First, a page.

Editor's note: There are 29 days to go before voters cast ballots in the hotly contested midterm elections. In this special feature, CNN's political contributors share their quick thoughts on what's making news.
Paul Begala, a Democratic strategist, was a political consultant for Bill Clinton's presidential campaign in 1992 and was counselor to Clinton in the White House.
Alex Castellanos, a Republican strategist, was a campaign consultant for former Massachusetts Gov. Mitt Romney's 2008 presidential campaign.
PAUL BEGALA: Signs of a closer election
If the old saw is true that in politics a week is a lifetime, we have four lifetimes before Americans go to the polls. Nearly all the indicators point to major GOP gains this fall, and for all of 2010 I've been telling Democrats to build an ark. But as we enter the final month of the campaign, there are signs that perhaps the Democrats' position has stabilized.
The latest Wall Street Journal-NBC poll shows that Americans are evenly split as to whether they want Democrats or Republicans to control Congress. In fact, 15 percent of Americans give the Dems a "very positive" rating, while Republicans garner a "very positive" rating from just 8 percent of Americans. Meanwhile, the latest Newsweek survey shows Dems leading Repubs on nearly all major issues, from unemployment (where they lead by 12 points) to federal spending (where Dems lead by 4 points), to Social Security (where Dems lead by 14).
None of this is to say Democrats are surging -- that would overstate it. But Tea Party conservatives like Rand Paul in Kentucky, Sharron Angle in Nevada and Ken Buck in Colorado have not been able to close the deal. It may just be that voters are getting a bit of buyer's remorse.
If Democrats can stop playing defense and start attacking Republicans, this may be a closer election than anyone thought.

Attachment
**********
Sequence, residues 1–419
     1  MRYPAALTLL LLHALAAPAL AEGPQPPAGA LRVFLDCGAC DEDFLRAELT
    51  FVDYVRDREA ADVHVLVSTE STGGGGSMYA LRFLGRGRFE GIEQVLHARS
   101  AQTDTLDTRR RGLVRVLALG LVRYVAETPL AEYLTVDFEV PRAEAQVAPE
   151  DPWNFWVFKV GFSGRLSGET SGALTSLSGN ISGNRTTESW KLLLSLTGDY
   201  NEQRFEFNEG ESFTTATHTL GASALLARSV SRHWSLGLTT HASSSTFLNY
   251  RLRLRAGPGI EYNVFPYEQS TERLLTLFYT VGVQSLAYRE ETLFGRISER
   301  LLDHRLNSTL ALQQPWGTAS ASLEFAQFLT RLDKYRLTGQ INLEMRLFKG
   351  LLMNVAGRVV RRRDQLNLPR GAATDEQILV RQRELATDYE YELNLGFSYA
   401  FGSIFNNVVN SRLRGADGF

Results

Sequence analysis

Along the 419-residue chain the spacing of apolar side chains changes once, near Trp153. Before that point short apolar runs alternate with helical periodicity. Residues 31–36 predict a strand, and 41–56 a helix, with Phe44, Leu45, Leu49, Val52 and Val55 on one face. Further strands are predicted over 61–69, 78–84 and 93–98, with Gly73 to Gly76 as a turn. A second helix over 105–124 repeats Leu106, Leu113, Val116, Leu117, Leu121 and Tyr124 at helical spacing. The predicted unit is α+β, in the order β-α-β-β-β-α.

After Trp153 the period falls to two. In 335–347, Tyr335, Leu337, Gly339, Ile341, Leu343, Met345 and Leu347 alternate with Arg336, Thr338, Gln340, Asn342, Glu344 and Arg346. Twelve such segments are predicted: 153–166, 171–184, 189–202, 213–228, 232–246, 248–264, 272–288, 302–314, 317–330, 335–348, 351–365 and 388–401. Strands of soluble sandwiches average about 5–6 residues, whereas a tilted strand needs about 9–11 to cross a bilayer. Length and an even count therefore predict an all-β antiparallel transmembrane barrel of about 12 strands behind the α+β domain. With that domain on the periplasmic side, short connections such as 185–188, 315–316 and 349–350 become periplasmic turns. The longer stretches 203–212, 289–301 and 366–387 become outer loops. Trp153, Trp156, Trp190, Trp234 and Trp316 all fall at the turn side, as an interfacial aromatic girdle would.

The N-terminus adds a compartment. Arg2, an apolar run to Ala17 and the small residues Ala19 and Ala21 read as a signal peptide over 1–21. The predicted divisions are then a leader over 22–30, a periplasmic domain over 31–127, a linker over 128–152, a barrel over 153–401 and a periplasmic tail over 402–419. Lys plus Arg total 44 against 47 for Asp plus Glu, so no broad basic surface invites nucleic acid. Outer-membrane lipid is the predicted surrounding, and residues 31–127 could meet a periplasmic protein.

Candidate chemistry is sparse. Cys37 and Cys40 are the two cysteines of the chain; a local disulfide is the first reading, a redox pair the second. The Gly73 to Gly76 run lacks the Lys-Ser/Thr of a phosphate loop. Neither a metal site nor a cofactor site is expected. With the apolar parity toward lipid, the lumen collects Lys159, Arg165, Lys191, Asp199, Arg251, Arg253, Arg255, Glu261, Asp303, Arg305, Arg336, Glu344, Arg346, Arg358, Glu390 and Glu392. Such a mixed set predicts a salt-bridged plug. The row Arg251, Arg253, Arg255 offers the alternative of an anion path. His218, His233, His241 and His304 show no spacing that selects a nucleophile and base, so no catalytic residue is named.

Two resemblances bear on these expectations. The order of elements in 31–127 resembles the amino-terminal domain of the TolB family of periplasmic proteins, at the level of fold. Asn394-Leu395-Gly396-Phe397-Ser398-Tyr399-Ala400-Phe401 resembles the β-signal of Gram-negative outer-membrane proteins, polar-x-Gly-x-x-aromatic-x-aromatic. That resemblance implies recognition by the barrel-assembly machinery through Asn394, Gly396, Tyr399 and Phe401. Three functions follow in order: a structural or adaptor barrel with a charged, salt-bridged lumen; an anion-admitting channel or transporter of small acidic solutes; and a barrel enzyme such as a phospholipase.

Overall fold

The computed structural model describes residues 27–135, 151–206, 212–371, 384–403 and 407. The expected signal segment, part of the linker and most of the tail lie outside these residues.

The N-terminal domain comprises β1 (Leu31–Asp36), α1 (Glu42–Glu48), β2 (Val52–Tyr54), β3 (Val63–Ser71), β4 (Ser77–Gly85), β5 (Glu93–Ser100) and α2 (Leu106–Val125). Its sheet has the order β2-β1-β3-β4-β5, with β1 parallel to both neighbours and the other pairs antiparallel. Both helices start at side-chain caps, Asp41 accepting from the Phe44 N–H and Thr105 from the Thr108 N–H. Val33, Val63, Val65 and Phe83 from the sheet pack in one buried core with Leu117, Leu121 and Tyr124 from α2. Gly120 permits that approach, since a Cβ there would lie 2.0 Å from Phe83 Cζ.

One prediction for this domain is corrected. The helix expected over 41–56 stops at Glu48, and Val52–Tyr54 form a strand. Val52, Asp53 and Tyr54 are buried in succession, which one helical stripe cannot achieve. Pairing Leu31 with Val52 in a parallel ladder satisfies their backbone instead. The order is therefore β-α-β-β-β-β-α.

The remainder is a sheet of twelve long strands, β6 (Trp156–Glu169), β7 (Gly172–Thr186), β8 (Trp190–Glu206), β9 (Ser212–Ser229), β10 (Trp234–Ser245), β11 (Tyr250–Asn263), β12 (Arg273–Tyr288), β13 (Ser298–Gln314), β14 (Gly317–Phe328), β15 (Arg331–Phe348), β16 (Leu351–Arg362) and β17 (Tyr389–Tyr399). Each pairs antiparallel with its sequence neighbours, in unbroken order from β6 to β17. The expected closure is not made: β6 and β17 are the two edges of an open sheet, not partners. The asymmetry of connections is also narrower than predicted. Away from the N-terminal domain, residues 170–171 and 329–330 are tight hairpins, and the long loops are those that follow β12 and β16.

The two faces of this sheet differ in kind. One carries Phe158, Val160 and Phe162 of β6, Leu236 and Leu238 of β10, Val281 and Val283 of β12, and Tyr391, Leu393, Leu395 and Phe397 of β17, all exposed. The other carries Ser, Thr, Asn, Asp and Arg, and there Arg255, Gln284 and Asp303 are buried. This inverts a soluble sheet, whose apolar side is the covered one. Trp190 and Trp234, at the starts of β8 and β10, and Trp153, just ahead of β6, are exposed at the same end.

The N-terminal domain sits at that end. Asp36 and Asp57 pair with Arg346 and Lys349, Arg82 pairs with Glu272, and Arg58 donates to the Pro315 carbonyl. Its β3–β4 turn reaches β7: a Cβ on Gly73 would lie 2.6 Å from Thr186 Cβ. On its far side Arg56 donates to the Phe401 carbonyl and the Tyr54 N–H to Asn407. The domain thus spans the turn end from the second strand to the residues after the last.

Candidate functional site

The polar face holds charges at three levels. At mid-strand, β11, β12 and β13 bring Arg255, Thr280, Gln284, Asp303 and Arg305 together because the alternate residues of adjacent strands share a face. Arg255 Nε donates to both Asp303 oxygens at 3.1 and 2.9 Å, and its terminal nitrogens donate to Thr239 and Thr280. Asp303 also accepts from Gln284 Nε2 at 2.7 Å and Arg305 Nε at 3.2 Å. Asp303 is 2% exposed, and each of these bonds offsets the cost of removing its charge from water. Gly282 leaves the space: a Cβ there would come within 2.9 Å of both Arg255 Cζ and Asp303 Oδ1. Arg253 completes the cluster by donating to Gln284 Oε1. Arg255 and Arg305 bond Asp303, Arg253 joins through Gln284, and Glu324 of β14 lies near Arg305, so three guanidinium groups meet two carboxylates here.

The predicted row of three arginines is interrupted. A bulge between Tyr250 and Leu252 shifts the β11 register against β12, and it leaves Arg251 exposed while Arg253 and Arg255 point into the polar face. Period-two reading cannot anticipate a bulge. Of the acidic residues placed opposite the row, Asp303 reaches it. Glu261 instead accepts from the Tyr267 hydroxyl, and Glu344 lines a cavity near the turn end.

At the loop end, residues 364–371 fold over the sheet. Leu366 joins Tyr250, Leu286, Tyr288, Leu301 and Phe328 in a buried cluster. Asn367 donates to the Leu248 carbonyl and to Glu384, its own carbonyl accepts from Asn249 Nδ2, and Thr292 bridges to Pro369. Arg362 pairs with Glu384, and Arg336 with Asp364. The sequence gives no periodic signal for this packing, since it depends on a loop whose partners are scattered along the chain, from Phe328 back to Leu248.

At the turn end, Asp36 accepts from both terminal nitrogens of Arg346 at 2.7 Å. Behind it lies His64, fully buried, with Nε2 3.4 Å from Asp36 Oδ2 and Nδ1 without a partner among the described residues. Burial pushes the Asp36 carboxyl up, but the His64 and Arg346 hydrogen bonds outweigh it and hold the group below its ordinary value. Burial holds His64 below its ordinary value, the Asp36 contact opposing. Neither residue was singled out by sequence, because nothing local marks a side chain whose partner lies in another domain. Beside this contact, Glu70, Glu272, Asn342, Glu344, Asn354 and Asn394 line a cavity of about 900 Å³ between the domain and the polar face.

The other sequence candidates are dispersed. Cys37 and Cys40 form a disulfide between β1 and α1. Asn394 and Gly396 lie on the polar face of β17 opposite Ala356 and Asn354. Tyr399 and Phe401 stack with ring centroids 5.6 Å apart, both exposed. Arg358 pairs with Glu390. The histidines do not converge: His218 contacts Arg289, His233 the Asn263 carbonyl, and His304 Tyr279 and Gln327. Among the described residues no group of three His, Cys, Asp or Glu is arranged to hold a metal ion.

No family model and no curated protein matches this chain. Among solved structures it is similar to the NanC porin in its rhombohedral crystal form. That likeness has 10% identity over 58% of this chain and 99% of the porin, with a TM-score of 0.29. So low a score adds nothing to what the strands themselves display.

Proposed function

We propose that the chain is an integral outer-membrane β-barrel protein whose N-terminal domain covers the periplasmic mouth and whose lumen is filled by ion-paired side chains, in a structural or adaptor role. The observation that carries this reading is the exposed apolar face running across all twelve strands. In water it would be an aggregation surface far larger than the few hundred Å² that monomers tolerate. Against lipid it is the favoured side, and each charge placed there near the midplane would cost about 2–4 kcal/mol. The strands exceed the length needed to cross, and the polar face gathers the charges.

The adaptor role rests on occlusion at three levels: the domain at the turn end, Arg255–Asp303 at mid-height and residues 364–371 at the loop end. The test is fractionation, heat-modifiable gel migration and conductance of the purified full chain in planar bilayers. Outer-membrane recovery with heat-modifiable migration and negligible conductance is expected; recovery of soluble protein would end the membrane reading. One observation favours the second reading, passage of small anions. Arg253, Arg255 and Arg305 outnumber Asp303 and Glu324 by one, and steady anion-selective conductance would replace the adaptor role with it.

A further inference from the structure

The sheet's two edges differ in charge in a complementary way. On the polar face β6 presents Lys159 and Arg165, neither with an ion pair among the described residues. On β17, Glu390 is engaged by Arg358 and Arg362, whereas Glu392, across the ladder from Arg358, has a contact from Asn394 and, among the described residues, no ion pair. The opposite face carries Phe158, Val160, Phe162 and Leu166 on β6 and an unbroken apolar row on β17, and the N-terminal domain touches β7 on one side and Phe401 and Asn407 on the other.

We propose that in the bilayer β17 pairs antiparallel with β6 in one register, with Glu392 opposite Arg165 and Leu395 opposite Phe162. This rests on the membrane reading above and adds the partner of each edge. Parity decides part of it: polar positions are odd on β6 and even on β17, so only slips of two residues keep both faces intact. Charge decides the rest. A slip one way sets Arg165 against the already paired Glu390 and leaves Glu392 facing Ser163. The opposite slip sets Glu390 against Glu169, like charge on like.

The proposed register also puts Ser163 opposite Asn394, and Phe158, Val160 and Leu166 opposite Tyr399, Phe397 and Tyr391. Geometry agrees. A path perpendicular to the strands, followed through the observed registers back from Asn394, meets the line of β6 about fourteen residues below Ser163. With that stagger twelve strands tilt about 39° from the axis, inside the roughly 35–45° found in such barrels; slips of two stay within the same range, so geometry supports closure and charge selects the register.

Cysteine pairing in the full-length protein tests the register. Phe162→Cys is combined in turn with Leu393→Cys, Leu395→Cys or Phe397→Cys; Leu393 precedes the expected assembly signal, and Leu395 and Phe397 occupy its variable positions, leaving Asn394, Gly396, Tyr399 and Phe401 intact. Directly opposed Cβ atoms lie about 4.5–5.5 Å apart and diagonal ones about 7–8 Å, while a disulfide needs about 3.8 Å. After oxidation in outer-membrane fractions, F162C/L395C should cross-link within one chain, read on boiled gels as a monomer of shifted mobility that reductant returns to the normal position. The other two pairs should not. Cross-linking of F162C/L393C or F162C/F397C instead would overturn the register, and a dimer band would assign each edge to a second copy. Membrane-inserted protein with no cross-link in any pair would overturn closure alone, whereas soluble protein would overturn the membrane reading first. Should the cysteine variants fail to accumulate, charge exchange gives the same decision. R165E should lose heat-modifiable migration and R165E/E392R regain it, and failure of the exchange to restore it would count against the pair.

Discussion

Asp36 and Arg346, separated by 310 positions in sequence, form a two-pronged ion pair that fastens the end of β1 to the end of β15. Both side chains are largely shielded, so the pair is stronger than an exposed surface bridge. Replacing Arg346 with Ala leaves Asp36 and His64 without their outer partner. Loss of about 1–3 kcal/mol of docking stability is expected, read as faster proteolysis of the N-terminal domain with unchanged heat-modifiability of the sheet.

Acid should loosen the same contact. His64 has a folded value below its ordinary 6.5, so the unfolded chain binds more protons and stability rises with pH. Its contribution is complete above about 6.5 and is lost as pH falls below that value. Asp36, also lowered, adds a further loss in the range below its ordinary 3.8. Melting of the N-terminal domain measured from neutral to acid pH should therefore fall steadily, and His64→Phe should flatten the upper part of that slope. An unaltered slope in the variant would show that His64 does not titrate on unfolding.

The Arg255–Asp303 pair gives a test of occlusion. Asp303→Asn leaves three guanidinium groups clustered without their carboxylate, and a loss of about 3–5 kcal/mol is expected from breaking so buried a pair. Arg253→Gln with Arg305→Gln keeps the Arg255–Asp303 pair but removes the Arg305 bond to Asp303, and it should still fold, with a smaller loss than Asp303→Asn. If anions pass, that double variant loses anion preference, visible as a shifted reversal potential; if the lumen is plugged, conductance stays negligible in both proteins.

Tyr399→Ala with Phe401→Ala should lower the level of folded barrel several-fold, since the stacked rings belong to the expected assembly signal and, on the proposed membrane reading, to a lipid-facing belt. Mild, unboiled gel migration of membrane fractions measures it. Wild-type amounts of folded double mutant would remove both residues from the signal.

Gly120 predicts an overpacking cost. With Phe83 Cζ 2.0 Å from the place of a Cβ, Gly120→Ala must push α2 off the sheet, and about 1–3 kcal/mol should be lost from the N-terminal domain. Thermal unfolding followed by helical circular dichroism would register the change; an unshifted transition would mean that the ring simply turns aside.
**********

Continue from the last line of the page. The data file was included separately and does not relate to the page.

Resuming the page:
ALEX CASTELLANOS: Huge wave of voters seek change
Two years ago, President Obama was elected on the promise of hope and change. All we knew then was what change wasn't: George Bush.
Two years later, Americans are finally telling Washington what "change" is. Democratic leaders say they are getting the message: Change is "more" -- more spending, government growth and economic intervention. Republicans say change should be "less," not more, of what Washington's been doing the past two years. Is change an accelerator or a brake pedal? I think voters are slamming on the brakes but, hey, you are driving. What is "change"? (Tell us what you think.)
So how big is the anti-Washington wave this year? Big enough to wipe out nearly two handfuls of establishment Republicans, from Arlen Specter to Mike Castle. Big enough that 38 percent more Republicans than Democrats turned out for the U.S. Senate primaries in Florida. Big enough that Republican pollsters are weighting survey results closer to less optimistic historical models -- because they'd rather be surprised than disappointed.
It is a wave of scared and determined voters who moved beyond anger long ago. Like good parents who figure out that yelling at misbehaving kids doesn't help, voters think November is time for serious consequences.
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